South Africa's rattletrap taxis move millions - and an economy
By David Dolan
SOWETO, South Africa (Reuters) - Zakes Hadebe's minibus taxi has nearly half a million kilometers on the clock, a broken speedometer and a fuel gauge he struggles to keep just above empty.
Yet by 8 a.m. on a recent Friday, Hadebe and his rattling Toyota had already overcome rain, traffic and an ever-rising petrol price to ferry nearly 40 commuters from South Africa's black township of Soweto to nearby Johannesburg.
South Africa's minibus taxi industry, scorned by other motorists for reckless driving and dogged by a reputation for violence, moves 15 million people every day, most of them lower income blacks. More like buses than the taxis of New York or London, the rumbling 16-seaters are the wheels of Africa's largest economy.
With an annual revenue estimated at $3.7 billion, the industry is also drawing attention from local finance firms and global automakers. Nissan this month started selling taxis in South Africa after an 18-year hiatus, looking to challenge Toyota's dominance.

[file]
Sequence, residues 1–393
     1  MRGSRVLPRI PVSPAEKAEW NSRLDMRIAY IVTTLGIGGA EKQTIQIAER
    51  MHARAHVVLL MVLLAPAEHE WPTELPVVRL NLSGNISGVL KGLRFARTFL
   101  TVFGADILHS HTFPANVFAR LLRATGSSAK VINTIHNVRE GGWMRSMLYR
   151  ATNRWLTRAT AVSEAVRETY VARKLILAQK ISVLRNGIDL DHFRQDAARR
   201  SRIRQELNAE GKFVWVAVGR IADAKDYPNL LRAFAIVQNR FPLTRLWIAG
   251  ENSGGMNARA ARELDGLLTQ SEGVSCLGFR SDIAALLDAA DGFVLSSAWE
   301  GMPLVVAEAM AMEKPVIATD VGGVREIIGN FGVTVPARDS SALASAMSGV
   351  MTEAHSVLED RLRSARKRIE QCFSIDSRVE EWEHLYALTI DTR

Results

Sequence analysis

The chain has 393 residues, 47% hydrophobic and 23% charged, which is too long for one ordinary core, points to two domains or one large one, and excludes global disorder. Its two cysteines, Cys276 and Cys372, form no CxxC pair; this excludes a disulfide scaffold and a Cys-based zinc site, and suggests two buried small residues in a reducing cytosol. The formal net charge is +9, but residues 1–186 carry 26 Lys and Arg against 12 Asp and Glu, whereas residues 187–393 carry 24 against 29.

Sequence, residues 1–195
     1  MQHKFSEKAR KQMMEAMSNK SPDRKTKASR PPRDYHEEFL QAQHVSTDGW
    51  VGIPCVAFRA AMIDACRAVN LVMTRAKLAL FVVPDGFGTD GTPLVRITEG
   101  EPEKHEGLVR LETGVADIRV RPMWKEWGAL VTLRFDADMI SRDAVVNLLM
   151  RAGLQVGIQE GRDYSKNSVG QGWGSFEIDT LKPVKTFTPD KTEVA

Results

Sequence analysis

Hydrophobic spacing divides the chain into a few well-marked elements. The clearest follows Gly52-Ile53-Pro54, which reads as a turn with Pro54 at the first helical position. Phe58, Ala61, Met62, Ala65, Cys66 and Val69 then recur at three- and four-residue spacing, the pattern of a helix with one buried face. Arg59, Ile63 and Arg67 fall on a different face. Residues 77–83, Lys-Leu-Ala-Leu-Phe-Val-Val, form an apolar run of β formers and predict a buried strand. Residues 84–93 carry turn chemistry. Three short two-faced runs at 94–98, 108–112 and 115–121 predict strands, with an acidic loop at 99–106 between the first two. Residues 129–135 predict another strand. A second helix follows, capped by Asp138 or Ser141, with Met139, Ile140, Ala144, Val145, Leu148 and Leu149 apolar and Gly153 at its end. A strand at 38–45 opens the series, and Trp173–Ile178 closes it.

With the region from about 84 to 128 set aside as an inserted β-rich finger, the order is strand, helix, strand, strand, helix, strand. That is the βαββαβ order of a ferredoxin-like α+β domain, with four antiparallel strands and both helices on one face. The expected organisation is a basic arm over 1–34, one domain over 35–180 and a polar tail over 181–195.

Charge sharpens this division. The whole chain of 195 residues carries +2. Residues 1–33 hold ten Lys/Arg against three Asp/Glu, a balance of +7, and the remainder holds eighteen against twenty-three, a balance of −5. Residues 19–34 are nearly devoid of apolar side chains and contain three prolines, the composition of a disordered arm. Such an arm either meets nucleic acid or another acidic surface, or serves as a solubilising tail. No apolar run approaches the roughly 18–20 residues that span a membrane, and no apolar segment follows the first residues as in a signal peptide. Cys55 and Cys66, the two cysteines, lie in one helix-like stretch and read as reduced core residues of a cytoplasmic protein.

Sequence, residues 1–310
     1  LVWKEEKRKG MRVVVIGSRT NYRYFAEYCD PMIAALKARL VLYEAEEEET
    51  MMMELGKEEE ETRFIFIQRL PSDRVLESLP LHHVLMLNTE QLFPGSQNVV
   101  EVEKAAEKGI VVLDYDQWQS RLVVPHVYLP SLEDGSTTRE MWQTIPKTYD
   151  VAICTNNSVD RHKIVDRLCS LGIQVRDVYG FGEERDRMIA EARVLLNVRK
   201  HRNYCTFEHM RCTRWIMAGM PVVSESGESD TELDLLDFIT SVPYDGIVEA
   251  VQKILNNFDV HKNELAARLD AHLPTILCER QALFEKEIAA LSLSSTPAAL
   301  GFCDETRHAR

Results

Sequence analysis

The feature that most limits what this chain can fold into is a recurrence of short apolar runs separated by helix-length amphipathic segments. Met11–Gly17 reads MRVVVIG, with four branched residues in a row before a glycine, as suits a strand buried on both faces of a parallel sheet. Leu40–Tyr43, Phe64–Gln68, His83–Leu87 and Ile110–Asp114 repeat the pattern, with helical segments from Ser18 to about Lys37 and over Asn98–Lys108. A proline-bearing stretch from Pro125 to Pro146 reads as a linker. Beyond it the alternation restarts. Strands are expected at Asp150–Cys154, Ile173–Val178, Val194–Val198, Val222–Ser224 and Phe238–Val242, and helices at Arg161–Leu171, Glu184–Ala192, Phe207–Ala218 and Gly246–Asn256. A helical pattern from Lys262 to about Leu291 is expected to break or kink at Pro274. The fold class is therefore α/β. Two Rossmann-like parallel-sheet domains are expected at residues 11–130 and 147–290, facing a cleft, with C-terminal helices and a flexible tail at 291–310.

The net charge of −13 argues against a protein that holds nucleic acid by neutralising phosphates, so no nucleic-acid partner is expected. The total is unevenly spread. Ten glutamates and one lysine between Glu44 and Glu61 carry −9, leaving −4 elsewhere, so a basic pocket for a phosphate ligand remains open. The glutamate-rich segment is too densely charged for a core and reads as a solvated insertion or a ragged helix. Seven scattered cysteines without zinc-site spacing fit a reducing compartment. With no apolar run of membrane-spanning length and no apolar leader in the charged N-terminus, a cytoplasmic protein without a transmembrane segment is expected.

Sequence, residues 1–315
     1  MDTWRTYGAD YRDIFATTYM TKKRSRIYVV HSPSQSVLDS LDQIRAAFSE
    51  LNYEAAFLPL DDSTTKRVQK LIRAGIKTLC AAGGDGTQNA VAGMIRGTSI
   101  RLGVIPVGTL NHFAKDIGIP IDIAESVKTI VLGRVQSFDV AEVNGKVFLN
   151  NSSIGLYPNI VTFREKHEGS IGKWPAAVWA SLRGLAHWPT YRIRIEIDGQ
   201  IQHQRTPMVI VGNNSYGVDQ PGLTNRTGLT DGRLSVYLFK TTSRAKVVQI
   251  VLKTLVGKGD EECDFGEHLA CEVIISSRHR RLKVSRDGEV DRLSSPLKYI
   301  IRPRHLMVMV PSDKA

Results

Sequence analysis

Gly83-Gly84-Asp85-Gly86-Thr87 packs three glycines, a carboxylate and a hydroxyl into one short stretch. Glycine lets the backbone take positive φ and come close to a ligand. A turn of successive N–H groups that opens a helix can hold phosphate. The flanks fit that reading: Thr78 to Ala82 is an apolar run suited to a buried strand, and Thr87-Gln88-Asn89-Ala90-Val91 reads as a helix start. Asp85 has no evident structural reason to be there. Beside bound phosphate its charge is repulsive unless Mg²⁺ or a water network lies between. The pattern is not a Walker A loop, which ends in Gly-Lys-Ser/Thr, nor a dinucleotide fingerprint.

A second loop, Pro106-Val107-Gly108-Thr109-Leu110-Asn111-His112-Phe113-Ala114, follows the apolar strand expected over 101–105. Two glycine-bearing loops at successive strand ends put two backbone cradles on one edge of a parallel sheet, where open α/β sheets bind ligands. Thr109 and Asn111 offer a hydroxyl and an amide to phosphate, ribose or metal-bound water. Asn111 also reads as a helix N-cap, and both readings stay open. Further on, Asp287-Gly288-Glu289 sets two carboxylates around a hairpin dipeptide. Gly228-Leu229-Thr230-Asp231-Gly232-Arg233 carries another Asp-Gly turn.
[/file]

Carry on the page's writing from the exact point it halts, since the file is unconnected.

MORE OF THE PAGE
"If the taxi industry were to stop completely, there's no cleaner at your house, there's no coffee at work, there's no workers on the work floor," said Nkululeko Buthelezi, chief executive of the South African National Taxi Council industry body.
The industry sprang up during white-minority rule, when blacks had to live in townships miles away from the cities where they worked and where bus service was spotty.
Since the end of apartheid in 1994, taxis have grown into arguably South Africa's largest black-owned sector, with around 250,000 vehicles and directly employing 600,000.
While the average owner has 2-1/2 vehicles and employs drivers, some, like Hadebe, do the driving themselves. Continued...